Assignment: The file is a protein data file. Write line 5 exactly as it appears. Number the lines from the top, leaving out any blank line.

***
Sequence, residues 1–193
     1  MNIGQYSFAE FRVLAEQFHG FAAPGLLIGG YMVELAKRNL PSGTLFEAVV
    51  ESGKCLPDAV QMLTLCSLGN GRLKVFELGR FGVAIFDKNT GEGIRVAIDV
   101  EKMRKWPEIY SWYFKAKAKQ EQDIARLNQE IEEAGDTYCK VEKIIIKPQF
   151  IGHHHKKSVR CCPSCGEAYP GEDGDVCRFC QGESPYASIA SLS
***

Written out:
   151  IGHHHKKSVR CCPSCGEAYP GEDGDVCRFC QGESPYASIA SLS